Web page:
“Firefighters need to be alert and switched on all the time. They’re often placed under not just physical strain but mental strain as well, and they are required to make split-second decisions that could impact on themselves, their colleagues, the environment and those they are working hard to protect.”
Researchers will assess the physiological changes that occur during physical tasks such as repetitive tyre dragging and tyre pulling tasks, representative of the carry and drag actions that comprise the principal fireground tasks of hose advance and rake hoe work. This will provide real data that will help fire agencies manage their firefighters.
“We measure blood pressure, level of any dehydration, blood glucose levels, stress hormones, lung functionality, grip strength, static balance and carbon monoxide exposure,” added Dr Smith.
Sleep patterns are also measured and participants are asked to rate their effort, thermal sensation, motivation, feelings of hunger and food cravings throughout the simulation.
“An in-depth study incorporating experts in sleep, cognitive behaviour and exercise physiology has not been undertaken before. The collaboration between these fields is exciting,” said Dr Smith.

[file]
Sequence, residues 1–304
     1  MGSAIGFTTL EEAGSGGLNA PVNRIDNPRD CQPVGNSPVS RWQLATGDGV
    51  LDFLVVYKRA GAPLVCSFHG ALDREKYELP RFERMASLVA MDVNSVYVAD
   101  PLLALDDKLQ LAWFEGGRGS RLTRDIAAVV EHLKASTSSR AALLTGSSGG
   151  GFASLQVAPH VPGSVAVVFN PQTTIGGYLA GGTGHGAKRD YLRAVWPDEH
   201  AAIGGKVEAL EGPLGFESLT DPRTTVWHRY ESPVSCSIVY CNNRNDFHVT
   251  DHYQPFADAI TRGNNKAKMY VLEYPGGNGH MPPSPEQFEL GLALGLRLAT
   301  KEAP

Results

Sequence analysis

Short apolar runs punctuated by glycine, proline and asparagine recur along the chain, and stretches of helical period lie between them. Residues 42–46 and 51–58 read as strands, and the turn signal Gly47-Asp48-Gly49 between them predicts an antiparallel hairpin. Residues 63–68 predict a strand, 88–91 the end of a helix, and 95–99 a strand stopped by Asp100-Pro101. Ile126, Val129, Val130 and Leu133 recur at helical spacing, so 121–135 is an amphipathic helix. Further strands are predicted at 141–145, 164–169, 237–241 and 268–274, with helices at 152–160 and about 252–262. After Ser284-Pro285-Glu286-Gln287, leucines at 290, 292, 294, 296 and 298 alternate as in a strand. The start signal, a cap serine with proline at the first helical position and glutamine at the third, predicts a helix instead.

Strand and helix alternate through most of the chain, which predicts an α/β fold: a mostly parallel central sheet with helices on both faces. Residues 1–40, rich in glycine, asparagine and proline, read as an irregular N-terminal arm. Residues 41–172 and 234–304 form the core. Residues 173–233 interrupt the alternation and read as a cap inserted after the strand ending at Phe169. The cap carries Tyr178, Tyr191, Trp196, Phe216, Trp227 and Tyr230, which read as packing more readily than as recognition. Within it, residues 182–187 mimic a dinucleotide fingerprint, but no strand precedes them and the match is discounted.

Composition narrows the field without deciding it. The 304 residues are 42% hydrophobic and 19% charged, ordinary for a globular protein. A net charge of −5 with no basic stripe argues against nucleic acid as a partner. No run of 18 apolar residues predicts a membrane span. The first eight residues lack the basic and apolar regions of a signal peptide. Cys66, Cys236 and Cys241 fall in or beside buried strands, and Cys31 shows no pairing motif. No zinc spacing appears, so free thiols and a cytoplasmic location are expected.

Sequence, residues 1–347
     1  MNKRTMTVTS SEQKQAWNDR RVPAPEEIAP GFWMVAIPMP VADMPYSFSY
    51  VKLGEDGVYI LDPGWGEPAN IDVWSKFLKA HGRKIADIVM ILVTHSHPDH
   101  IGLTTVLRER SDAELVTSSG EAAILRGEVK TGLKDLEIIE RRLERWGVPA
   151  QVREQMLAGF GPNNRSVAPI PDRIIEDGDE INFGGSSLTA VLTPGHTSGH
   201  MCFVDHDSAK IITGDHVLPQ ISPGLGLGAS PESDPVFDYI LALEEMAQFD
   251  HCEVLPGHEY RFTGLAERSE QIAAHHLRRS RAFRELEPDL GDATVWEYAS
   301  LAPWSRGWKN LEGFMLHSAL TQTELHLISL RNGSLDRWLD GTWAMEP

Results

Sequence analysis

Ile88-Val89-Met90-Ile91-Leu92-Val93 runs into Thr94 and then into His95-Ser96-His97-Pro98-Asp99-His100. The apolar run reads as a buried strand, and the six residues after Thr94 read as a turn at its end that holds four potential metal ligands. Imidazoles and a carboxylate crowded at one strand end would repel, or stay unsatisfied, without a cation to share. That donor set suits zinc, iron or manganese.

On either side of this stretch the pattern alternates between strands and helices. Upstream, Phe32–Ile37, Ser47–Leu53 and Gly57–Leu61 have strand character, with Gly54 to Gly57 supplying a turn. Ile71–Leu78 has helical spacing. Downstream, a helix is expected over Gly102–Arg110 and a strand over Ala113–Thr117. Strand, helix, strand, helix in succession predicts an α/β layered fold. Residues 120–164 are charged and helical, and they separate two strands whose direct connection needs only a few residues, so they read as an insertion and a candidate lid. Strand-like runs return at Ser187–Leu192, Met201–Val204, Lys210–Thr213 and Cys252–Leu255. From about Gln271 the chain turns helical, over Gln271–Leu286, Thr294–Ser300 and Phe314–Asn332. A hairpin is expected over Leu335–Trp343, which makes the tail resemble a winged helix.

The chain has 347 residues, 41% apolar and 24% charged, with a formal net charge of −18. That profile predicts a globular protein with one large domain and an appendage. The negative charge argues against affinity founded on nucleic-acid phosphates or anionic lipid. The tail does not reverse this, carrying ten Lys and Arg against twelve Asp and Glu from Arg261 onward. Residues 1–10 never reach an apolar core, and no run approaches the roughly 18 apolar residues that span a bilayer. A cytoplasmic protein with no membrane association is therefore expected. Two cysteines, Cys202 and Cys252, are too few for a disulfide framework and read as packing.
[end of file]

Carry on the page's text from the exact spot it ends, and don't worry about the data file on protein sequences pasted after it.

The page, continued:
The findings from this research will provide an evidence base on which to develop specific training and guidelines to better assist the health and safety of firefighters. The benefits are already flowing directly to firefighters.
Neil Cooper, a Bushfire CRC lead end user and Manager of Fire Management at ACT Parks Conservation and Land agrees. Firefighters at Parks Conservation and Land participated in a research simulation in 2012, and Mr Cooper believes their involvement has already aided not just their own development, but the organisation’s as well.
“This study allowed our firefighters to be directly involved in a high-level research project of national significance,” said Mr Cooper.
“It was a great personal development opportunity for them, and gave them an insight into how the research would benefit not just themselves, but their colleagues and counterparts around the country.